He also regularly meets friends to train them with their firearms and coordinate strategies in case their ranches are attacked. “There’s not much police around here,” he explains. “Perhaps two officers covering 50 square miles.” And, he adds, “they’re pretty relaxed if you need to shoot someone to defend yourself”.
It’s not all about guns. Patrick, like many Redoubters, has several dogs who can be “somewhat aggressive”. He clarifies: “If you’re dumb enough to walk into my house, it’s going to be an ugly moment in your life. You might not get out alive.”
James Wesley, Rawles wouldn’t let me walk anywhere near his house: he doesn’t trust the media. His only previous face-to-face interview was with a friend who worked for a now-defunct electronics magazine. Since then, “any time that mainstream American journalists interview me or write about the American Redoubt movement, they try to mischaracterise me and the movement as racist”. He sends me a link to a blog post that makes it “abundantly clear that I reject racism”.
Sitting across from me in a diner off Route 95 somewhere between Coeur D’Alene, Idaho, and the Canadian border, neither Rawles nor his wife Lily come across as far-Right Rambos: they have the air of geography teachers who have retired to their local church group. “Jim”, with a white wispy beard and a pair of hearing aids; and wide-eyed Lily, with a tanned, expressive face that dances gleefully from one eccentricity to another. She orders a burger patty; he drinks a glass of lemonade mixed with huckleberry syrup.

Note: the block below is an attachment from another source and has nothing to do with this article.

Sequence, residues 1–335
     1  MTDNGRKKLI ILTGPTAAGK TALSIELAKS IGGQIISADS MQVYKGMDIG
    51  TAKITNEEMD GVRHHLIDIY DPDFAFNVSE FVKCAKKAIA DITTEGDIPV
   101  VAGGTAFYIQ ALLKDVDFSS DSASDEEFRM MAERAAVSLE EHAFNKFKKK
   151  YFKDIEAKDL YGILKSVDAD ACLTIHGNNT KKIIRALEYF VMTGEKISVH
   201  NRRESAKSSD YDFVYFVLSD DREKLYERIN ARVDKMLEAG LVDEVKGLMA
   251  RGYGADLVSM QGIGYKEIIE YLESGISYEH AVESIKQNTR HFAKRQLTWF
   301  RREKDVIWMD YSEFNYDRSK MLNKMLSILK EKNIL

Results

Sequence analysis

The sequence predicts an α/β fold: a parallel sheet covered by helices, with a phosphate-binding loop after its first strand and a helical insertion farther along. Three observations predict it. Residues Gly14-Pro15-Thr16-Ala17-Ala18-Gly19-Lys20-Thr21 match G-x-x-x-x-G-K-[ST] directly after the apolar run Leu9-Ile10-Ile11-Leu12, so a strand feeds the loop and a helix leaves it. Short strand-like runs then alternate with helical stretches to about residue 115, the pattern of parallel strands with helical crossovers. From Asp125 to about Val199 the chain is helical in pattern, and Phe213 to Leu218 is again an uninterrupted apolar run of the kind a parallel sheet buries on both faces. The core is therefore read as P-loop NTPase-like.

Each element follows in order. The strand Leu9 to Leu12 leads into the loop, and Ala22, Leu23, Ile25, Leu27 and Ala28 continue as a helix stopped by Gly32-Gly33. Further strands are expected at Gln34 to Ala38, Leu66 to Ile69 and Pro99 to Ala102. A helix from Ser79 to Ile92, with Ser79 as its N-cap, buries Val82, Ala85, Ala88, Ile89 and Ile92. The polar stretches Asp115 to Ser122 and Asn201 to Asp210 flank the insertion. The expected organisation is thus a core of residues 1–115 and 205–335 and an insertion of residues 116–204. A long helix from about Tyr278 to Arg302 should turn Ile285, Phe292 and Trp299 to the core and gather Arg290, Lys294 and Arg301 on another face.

Rawles’s apocalyptic fears, he tells me, were born of a childhood spent in Livermore, California, home to the National Laboratory that designed atomic weapons during the Cold War. “I grew up in the shadow of the nuclear bomb,” he says. Unable to follow his father into the Air Force because of his poor eyesight, Rawles became a Military Intelligence Officer, where he served in Cold War Germany and saw “how fragile the world is, how close it is to systemic collapse”.
He arrived in Idaho in 1993 after resigning his commission on the day Clinton became President:“I didn’t like the idea of him as Commander-in-chief.” There he focused on writing his books and survivalist tips; it was his first, late wife, “the Memsahib”, who suggested in 2005 he start a blog.
And so his gospel was handed down via SurvivalBlog, the daily posts uninterrupted until one was published by the Memsahib in 2009. In it, she revealed she had two months to live and wanted to find “a new wife for my husband”, describing him as “extremely devoted”; “punctual and neat”; “a worrier”. She issued a checklist of qualifications: “Be a devout, church-going Christian”; “Willing to live at the Rawles Ranch”; “Willing to put up with Jim’s eccentricities”. Applicants were instructed to write in.